Three former Harvard football stars featured in NFL playoffs

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According to Ivy League rules, the Harvard football team can’t make the playoffs. But this weekend, three former Crimson tight ends—Kyle Juszczyk 13 of the San Francisco 49ers (who is currently running back), Cameron Brate 14 of the Tampa Bay Buccaneers and Anthony Firkser 17 from the Tennessee Titans – will make up for that lost opportunity as important members of their teams in the wildcard round of the NFL playoffs.

Their importance in the showcase event of football is no mere coincidence. In Cambridge, the tight end has become a signature position, so recognized throughout the sport: Penn State is known as Linebacker U, Southern Cal is Tailback U, and Harvard is Tight End U. There is a fourth former Crimson tight end in the league, Tyler Ott ’14 of the Seahawks, who is almost exclusively a long snapper. Last season there was a fifth, Ben Braunecker ’16 from the Chicago Bears. But Braunecker gave up football for…medical school. (Where, we ask, are the priorities?)

Anthony Firkser 17
Photo courtesy of Harvard Athletic Communications

That there are so many former Crimson tight ends in the NFL is no coincidence. At Cambridge, their coaching position was also head coach: Tim Murphy, the Thomas Stephenson family head coach for Harvard Football. It’s clear that Murphy is a skilled teacher, but he insists the credit belongs to the players. “These guys make you a good coach,” he said.

Nevertheless, while molding his tight ends, he developed several requirements. “To play the role in our attack, you must be a Navy SEAL, exhibiting the combination of work ethic, tenacity, courage and versatility that SEALs have,” he says. “All of our tight ends must play both tight end and H-back” – i.e. a player who lines up slightly back from the line of scrimmage. “What does that mean? It means what the 49ers do with Kyle is all he’s done here. He lines up as a fullback a lot of the time, but he lines up also as a tight end, slot receiver and even as a wide receiver. All of our guys have to be able to do that. It sets them up really well for the NFL model.


Kyle Juszczyk 13
Photo courtesy of Harvard Athletic Communications

Ready as they were, of Harvard’s three playoff entrants, only Juszczyk was drafted, in the fourth round, by the Baltimore Ravens. Murphy isn’t surprised at how each came out on top. “They all had great intangibles,” he says. “Everything we gave them, everything we threw at them, they responded. They were tough, they were resilient, and by the time they were seniors, they all felt they had at least a chance in the NFL.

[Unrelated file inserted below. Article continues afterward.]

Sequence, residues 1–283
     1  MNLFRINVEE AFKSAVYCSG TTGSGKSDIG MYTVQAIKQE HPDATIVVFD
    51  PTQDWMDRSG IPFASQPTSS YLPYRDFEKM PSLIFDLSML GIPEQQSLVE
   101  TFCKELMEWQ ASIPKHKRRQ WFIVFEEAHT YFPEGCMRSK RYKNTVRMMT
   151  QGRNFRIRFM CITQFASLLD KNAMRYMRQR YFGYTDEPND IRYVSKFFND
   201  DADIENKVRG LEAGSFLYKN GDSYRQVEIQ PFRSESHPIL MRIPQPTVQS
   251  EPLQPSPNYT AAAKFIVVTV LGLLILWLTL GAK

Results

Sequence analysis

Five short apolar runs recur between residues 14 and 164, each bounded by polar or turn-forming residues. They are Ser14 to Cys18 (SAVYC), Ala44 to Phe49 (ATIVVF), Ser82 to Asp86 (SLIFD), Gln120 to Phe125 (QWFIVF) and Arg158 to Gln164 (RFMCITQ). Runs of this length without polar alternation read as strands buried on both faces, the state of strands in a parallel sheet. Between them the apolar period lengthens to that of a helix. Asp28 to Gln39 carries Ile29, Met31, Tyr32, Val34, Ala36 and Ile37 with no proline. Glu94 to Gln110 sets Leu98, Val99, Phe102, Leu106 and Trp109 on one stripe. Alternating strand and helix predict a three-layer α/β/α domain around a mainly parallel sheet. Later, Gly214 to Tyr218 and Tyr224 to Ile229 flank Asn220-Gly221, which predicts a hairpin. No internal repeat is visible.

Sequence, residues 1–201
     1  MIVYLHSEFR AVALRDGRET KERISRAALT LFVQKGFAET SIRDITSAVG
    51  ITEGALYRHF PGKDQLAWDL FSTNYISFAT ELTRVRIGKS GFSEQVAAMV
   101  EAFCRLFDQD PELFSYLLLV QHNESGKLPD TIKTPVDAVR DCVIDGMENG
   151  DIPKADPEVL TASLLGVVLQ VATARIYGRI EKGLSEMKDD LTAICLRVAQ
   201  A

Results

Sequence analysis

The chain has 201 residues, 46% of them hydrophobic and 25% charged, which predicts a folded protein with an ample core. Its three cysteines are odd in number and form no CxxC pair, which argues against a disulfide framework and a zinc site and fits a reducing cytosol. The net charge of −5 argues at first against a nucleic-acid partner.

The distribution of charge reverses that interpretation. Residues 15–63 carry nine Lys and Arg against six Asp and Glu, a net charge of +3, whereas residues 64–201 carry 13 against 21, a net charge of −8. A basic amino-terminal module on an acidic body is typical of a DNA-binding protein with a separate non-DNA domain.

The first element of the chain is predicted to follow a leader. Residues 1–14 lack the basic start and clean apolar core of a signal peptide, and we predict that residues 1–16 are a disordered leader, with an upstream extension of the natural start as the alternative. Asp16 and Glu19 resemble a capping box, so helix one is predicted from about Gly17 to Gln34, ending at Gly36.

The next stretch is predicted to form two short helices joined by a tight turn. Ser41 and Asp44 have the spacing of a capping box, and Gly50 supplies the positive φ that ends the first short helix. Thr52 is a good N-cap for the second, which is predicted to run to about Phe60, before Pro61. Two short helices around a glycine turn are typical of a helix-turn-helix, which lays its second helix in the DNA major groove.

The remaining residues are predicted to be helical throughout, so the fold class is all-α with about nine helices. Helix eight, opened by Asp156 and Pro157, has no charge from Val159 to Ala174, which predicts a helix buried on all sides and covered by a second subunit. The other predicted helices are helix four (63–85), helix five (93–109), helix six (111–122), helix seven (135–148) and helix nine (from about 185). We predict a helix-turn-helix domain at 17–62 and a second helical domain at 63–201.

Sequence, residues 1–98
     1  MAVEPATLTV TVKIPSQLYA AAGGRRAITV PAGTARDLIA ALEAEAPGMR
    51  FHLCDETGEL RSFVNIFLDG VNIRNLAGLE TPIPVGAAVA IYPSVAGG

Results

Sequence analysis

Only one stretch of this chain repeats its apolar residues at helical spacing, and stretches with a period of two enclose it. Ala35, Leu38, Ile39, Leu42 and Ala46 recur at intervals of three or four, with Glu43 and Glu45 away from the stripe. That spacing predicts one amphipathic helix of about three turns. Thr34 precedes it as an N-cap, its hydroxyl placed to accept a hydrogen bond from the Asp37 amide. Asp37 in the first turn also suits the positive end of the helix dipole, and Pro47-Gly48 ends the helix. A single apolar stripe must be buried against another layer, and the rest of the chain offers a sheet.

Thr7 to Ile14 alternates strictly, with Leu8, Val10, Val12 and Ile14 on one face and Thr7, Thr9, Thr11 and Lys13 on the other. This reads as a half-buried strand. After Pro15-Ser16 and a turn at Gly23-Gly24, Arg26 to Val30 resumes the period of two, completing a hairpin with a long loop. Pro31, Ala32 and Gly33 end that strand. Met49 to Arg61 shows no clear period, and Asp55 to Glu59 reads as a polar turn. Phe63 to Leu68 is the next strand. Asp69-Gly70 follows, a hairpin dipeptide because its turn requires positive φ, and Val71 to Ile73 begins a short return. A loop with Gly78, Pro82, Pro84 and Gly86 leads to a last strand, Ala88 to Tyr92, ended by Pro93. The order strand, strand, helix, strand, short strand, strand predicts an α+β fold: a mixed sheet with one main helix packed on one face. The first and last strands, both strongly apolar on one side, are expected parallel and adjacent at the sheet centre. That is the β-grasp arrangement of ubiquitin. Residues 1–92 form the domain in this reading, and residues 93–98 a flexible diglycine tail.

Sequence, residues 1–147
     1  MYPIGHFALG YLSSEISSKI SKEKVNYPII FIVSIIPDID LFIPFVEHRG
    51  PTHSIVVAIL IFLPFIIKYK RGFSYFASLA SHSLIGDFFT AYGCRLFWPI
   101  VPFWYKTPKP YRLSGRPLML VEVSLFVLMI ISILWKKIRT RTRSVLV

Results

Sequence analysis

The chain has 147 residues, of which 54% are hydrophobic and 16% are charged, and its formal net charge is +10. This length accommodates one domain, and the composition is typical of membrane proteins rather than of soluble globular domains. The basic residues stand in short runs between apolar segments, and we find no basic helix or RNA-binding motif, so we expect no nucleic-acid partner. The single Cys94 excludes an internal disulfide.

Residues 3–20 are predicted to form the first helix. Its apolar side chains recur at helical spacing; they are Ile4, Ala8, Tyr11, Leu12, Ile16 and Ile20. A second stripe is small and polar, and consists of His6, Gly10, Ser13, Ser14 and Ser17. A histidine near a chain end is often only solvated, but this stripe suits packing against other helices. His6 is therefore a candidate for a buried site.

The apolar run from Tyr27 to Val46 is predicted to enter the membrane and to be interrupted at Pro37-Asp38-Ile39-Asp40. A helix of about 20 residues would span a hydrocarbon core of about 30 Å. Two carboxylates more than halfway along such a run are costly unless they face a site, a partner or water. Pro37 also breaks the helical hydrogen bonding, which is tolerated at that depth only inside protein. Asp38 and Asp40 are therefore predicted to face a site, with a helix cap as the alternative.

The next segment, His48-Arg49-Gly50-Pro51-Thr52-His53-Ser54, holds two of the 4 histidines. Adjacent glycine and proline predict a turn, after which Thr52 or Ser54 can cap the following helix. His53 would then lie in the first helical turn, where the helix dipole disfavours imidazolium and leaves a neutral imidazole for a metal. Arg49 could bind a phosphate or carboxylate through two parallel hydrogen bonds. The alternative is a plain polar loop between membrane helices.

In the regular season, the trio’s vital contributions belied their modest stats. Juszczyk’s main job is to block, but opponents ignore him as a receiver at their peril; he caught 30 receptions for 296 yards and a touchdown. It’s almost comical when broadcasters treat a take of “Juice” as something of a miracle; if they did a little research they would see that he is seventh on Harvard’s career receptions list, with 125 receptions, and against Princeton in 2012 he had 15 receptions. (Firkser, with 99 catches, is twelfth in career rankings, and Brate, with 91, is sixteenth.) In addition to those good hands, Juszczyk is also the 49ers backup starter in field goals and points after games. touchdown attempts.

Brate, who plays behind future Hall of Fame tight end Rob Gronkowski, has nevertheless become a prime target for quarterback Tom Brady, especially in the red zone. He had 30 passes for 245 yards and scored four touchdowns. Murphy remarks, “You can see Brady feels comfortable throwing at either guy, which is quite a compliment for Cam.” For Tennessee, Firkser had 34 receptions for 291 yards and two touchdowns. He’s become a valuable “possession receiver,” whose ability to open up and make tough catches helps the Titans land early downs. He’s aided by one of the most striking pairs of mitts in Harvard football history. “I always said, ‘That kid might catch BBs at midnight,'” Murphy explains.

Juszczyk, who played four seasons with Baltimore before moving to San Francisco, is by far the most decorated of the three. Recently, he was named to his sixth consecutive Pro Bowl, indicating that he is considered the best guard in the National Football Conference. However, Brate has something the other two covet: a Super Bowl ring, earned last season when the Bucs beat the Kansas City Chiefs to win the title. In that 31-9 win, Brate had three receptions for 26 yards. (Juszczyk had a 15-yard touchdown reception in the previous year’s Super Bowl, which the 49ers lost to the Chiefs 31-20.)

This year’s playoffs are considered the most open in recent memory, so picking the eventual champion is a tough proposition. But no matter the outcome, Harvard’s tight ends will be very well placed.

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